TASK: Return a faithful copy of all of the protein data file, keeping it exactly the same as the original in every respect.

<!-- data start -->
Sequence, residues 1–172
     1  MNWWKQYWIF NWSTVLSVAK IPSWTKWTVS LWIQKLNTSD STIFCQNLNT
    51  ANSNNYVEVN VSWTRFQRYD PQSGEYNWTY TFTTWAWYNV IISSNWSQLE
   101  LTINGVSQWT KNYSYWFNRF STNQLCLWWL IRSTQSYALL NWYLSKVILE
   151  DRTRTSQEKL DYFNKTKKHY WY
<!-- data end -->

Sequence, residues 1–172
     1  MNWWKQYWIF NWSTVLSVAK IPSWTKWTVS LWIQKLNTSD STIFCQNLNT
    51  ANSNNYVEVN VSWTRFQRYD PQSGEYNWTY TFTTWAWYNV IISSNWSQLE
   101  LTINGVSQWT KNYSYWFNRF STNQLCLWWL IRSTQSYALL NWYLSKVILE
   151  DRTRTSQEKL DYFNKTKKHY WY